3 NOVEMBER 2023
I visited this village early in November and it was a beautiful sunny day.
It is now Thursday 16 November and I have been out of action for a few days as my upgrade to macOS Sonoma presented me with a series of problems the major one being was that my internal drive had no storage space an hour or two after the upgrade. After about two days I discovered that the disk contained a number of TimeMachine snapshots totalling about one terabyte and it would appear that some of the files were created up to three years ago … this has created a number of ongoing problems especially as I am now using FinalCut Pro,
Rathfarnham is the start of the Military Road. This road through the Wicklow Mountains (still in use mainly for tourist traffic) was built at the beginning of the 19th century to open up the Wicklow Mountains to the British Army to assist them in putting down the insurgents who were hiding there following the Irish Rebellion of 1798. Rathfarnham itself was the scene of some skirmishes in the early days of the Rising which extended to the final battle in “Raheen” County Wexford.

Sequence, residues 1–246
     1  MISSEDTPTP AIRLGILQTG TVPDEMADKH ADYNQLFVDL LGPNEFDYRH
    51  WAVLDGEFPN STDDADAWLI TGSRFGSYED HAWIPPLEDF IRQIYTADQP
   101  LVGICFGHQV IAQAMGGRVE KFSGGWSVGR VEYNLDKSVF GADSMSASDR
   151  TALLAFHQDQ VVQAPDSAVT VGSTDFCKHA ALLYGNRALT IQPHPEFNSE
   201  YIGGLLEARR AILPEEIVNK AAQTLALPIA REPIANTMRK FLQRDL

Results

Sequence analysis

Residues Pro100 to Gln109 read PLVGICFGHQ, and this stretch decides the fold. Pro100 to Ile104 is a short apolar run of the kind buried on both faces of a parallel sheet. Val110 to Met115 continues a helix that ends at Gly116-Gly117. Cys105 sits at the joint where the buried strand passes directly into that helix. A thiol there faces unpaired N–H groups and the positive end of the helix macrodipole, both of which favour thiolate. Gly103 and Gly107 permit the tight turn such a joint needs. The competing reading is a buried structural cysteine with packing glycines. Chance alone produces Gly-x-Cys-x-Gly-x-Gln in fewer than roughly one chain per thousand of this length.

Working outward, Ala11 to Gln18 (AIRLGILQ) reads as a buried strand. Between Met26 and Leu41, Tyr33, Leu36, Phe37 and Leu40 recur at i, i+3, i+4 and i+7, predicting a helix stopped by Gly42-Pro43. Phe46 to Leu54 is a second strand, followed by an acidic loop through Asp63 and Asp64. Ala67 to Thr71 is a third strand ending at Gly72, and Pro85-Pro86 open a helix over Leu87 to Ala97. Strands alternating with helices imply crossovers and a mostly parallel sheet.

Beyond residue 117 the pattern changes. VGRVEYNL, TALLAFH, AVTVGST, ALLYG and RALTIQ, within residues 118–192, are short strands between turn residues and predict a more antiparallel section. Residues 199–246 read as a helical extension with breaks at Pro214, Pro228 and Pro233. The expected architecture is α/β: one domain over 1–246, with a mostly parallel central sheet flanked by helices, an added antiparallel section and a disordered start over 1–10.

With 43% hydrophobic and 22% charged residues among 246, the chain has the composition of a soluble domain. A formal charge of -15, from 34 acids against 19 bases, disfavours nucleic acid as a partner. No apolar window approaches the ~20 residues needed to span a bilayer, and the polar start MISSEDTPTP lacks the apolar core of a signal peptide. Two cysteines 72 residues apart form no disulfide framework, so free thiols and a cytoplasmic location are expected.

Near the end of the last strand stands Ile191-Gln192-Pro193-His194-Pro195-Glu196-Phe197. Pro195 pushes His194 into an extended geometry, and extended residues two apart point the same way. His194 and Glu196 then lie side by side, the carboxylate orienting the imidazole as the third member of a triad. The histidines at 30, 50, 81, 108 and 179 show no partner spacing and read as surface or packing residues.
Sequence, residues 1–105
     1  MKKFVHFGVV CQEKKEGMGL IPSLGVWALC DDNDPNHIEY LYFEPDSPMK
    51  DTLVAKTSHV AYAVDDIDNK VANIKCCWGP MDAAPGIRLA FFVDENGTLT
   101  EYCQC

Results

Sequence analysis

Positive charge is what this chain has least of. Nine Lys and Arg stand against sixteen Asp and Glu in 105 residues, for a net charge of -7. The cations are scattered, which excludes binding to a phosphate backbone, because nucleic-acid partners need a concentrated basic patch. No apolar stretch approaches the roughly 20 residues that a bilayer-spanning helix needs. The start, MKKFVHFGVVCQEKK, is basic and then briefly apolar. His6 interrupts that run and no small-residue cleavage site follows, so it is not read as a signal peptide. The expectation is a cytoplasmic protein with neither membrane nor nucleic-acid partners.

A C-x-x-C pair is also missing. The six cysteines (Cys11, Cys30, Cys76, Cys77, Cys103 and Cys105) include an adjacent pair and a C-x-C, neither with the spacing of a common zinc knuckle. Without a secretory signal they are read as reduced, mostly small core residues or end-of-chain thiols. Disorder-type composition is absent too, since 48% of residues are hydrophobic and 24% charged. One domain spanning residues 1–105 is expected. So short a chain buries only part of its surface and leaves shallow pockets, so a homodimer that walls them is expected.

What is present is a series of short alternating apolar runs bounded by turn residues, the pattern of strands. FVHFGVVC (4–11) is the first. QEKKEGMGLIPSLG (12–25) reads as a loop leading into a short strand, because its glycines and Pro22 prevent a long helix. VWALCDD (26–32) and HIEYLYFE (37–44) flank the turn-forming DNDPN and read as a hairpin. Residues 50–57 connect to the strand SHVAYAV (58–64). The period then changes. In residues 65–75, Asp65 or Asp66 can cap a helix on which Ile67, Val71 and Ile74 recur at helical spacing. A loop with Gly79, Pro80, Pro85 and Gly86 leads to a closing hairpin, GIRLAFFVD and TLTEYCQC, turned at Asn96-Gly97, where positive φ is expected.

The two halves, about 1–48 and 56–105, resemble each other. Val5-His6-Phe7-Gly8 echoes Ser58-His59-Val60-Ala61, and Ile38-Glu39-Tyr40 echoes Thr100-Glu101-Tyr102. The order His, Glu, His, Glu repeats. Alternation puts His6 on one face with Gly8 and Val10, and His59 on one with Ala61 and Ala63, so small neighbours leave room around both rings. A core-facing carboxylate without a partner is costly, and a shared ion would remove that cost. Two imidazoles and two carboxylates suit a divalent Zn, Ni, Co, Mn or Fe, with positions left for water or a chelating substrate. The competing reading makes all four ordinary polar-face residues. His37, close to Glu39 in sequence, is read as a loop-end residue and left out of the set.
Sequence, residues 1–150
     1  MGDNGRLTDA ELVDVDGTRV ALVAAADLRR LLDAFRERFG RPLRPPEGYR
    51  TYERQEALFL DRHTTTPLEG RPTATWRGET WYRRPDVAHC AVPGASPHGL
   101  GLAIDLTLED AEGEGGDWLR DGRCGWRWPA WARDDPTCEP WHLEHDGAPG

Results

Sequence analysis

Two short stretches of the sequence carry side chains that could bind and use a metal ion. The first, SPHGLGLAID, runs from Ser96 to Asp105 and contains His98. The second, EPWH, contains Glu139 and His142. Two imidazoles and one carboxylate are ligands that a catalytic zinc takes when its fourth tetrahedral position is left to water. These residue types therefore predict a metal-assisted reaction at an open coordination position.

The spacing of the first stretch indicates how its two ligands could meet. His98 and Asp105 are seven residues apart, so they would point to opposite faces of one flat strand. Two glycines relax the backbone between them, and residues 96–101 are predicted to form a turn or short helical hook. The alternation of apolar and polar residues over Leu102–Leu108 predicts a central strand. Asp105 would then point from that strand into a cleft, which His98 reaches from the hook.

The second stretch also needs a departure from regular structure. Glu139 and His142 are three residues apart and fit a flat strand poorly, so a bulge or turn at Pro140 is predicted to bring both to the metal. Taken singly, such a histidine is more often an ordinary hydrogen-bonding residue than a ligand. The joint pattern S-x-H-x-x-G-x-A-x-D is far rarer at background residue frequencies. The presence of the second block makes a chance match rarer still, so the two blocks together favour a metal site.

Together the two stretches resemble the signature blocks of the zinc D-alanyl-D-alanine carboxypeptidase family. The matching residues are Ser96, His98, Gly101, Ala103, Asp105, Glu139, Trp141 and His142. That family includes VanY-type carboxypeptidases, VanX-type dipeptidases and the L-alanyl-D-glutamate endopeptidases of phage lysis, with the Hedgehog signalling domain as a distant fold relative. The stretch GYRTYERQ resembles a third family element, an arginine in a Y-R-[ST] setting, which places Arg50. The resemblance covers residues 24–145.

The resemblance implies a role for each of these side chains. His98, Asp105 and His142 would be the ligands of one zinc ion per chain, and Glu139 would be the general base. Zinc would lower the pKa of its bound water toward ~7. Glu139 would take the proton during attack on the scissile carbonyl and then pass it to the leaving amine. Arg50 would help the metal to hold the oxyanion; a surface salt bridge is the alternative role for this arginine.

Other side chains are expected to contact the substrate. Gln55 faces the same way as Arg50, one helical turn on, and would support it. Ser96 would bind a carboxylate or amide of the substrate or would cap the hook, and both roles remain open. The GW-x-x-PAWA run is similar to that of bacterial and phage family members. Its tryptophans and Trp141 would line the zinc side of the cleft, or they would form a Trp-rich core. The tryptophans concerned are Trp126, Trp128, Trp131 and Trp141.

Construction commenced on 12 August 1800 and was completed in October 1809. The road starts outside the Yellow House, passes the head of Glencree, with a spur down that valley to Enniskerry, rises to the Sally Gap and then dips down to Laragh, over the hills into Glenmalure, and finishes at Aghavannagh. Well-known sections also include the Featherbed Mountain, the section below Kippure Mountain. The total distance was 34 Irish Miles, of which the spur to Enniskerry was 5 Irish Miles. The engineer in charge was Alexander Taylor (born in 1746), who was responsible for many other roads in the country, including some “Turnpike Roads”, which are Toll Roads.